Foremost on the roll of "men of our time," it is but right and fitting that we place the honored and venerated name of the man who was called by God's providence to be the leader of the nation in our late great struggle, and to seal with his blood the proclamation of universal liberty in this country – the name of


The revolution through which the American nation has been passing was not a mere local convulsion. It was a war for a principle which concerns all mankind. It was the war for the rights of the working class of society as against the usurpation of privileged aristocracies. You can make nothing else of it. That is the reason why, like a shaft of light in the judgment day, it has gone through all nations, dividing the multitudes to the right and the left. For us and our cause, all the common working classes of Europe – all that toil and sweat, and are oppressed. Against us, all privileged classes, nobles, princes, bankers and great manufacturers, all who live at ease. A silent instinct, piercing to the dividing of soul and spirit, joints and marrow, has gone through the earth, and sent every soul with instinctive certainty where it belongs. The poor laborers of Birmingham and Manchester, the poor silk weavers of Lyons, to whom our conflict has been present starvation and lingering death, have stood bravely for us. No sophistries could blind or deceive them; they knew that our cause was their cause, and they suffered their part heroically, as if fighting by our side, because they knew that our victory was to be their victory. On the other side, all aristocrats and holders of exclusive privileges have felt the instinct of opposition, and the sympathy with a struggling aristocracy, for they, too, felt that our victory would be their doom.

This great contest has visibly been held in the hands of Almighty God, and is a fulfillment of the solemn prophecies with which the Bible is sown thick as stars, that He would spare the soul of the needy, and judge the cause of the poor. It was He who chose the instrument for this work, and He chose him with a visible reference to the rights and interests of the great majority of mankind, for which he stood.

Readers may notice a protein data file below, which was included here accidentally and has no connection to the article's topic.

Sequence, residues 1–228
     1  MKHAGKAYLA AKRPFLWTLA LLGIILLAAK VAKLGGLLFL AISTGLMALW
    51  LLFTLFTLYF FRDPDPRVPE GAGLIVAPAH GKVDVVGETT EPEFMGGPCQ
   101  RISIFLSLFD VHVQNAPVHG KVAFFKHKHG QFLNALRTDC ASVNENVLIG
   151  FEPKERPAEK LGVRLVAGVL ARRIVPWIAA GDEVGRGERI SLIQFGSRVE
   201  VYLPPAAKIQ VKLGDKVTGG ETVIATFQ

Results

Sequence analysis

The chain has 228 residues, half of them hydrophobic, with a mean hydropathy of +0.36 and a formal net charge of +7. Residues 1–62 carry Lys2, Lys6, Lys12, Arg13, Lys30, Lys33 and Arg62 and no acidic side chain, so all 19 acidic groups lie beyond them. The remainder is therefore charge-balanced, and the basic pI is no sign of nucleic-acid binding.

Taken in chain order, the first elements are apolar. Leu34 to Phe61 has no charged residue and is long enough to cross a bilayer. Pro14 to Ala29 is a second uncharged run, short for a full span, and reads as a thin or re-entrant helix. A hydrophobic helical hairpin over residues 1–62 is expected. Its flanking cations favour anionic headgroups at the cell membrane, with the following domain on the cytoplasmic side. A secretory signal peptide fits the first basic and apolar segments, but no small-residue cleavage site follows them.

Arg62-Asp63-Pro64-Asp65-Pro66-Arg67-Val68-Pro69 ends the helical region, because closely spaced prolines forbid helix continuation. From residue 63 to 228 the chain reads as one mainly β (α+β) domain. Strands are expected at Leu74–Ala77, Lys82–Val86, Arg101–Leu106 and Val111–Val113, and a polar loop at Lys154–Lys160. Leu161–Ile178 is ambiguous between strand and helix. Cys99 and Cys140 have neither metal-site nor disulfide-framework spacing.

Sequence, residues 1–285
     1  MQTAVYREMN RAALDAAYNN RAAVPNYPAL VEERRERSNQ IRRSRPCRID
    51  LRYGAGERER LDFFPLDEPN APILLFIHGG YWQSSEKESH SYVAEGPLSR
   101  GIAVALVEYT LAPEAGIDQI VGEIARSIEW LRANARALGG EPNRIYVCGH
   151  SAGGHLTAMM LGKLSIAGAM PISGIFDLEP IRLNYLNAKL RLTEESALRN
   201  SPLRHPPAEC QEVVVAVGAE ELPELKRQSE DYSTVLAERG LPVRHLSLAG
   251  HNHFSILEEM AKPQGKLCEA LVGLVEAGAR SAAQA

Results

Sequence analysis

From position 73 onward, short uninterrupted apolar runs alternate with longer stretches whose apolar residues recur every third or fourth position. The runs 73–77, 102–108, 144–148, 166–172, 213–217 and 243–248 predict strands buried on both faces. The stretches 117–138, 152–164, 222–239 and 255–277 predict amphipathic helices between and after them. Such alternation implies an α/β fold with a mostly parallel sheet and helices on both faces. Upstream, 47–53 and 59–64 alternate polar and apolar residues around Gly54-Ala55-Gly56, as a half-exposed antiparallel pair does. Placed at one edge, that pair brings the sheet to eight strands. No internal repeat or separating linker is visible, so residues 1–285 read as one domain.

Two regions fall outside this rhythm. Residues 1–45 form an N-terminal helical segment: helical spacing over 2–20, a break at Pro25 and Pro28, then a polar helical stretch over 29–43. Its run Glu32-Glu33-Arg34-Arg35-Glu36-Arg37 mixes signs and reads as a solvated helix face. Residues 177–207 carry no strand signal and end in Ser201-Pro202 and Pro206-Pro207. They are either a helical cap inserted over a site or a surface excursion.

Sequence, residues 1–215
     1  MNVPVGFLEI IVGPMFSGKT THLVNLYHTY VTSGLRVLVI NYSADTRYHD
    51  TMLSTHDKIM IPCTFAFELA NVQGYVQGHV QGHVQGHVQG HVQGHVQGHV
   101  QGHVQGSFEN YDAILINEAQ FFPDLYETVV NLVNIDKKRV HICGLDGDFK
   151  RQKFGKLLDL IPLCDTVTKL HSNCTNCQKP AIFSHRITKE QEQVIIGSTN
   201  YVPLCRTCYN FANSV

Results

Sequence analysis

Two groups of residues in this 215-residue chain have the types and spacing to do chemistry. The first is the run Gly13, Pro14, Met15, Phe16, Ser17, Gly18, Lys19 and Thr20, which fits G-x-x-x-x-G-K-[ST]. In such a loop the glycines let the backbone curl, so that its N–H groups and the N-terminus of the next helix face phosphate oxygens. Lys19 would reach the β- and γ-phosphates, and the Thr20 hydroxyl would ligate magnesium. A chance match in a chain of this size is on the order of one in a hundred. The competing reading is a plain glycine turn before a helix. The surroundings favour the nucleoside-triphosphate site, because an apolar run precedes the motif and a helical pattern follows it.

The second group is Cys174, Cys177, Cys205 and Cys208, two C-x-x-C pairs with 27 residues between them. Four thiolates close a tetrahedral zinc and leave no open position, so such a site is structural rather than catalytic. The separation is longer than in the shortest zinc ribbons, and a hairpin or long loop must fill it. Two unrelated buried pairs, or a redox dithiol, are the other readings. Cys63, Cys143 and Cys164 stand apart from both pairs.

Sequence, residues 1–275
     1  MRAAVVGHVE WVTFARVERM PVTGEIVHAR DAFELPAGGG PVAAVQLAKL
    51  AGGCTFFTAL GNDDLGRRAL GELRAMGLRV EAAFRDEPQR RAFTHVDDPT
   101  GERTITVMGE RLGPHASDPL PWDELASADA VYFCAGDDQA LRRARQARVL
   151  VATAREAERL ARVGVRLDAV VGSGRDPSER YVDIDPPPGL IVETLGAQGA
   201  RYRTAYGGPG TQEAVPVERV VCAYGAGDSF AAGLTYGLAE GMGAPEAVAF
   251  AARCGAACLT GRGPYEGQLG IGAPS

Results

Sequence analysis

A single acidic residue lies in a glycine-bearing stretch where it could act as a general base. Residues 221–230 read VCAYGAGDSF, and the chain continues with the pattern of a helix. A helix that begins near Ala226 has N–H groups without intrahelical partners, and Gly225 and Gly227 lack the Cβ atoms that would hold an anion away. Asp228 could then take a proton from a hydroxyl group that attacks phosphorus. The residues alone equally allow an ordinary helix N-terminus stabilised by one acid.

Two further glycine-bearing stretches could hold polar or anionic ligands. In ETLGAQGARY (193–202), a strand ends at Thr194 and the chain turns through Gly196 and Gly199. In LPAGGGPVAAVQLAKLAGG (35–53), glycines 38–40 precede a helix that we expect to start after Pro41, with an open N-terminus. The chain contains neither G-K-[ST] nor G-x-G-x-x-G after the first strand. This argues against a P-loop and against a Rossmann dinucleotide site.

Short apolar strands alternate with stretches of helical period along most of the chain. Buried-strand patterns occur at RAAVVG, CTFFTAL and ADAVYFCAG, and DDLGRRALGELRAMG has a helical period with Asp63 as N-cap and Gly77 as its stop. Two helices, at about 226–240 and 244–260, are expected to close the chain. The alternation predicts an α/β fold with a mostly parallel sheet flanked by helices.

Abraham Lincoln was in the strictest sense a man of the working classes. All his advantages and abilities were those of a man of the working classes, all his disadvantages and disabilities those of the working classes, and his position at the head of one of the most powerful nations of the earth was a sign to all who live by labor, that their day is coming. Lincoln was born to the inheritance of hard work, as truly as the poorest laborer's son that digs in our fields. He was born in Kentucky, in 1809. At seven years of age he was set to work, axe in hand, to clear up a farm in a Western forest. Until he was seventeen his life was that of a simple farm laborer, with only such intervals of schooling as farm laborers get. Probably the school instruction of his whole life would not amount to more than six months. At nineteen he made a trip to New Orleans as a hired hand on a flat-boat, and on his return he split the timber for a log cabin and built it, and enclosed ten acres of land with a rail fence of his own handiwork. The next year he hired himself for twelve dollars a month to build a flat-boat and take her to New Orleans, and any one who knows what the life of a Mississippi boatman was in those days, must know that it involved every kind of labor. In 1832, in the Black Hawk Indian war, the hardy boatman volunteered to fight for his country, and was unanimously elected a captain, and served with honor for a season in frontier military life. He was very popular with his soldiers for two reasons; the first was his great physical strength; the second, that he could tell more and better stories than any other man in the army. Odd constituents for a commander's character; but like everything else in Lincoln's life, the fact shows how wonderfully he represented, and therefore suited, the people. Some time after the war, the surveyor of Sangamon county, being driven with work, came to him to take the survey of a tract off from his hands. True, he had never studied surveying, but what of that? He accepted the job, procured a chain and a treatise on surveying, and did the work. Do we not see in this a parallel of the wider wilderness which in later years he was to undertake to survey and fit for human habitation, without chart or surveyor's chain?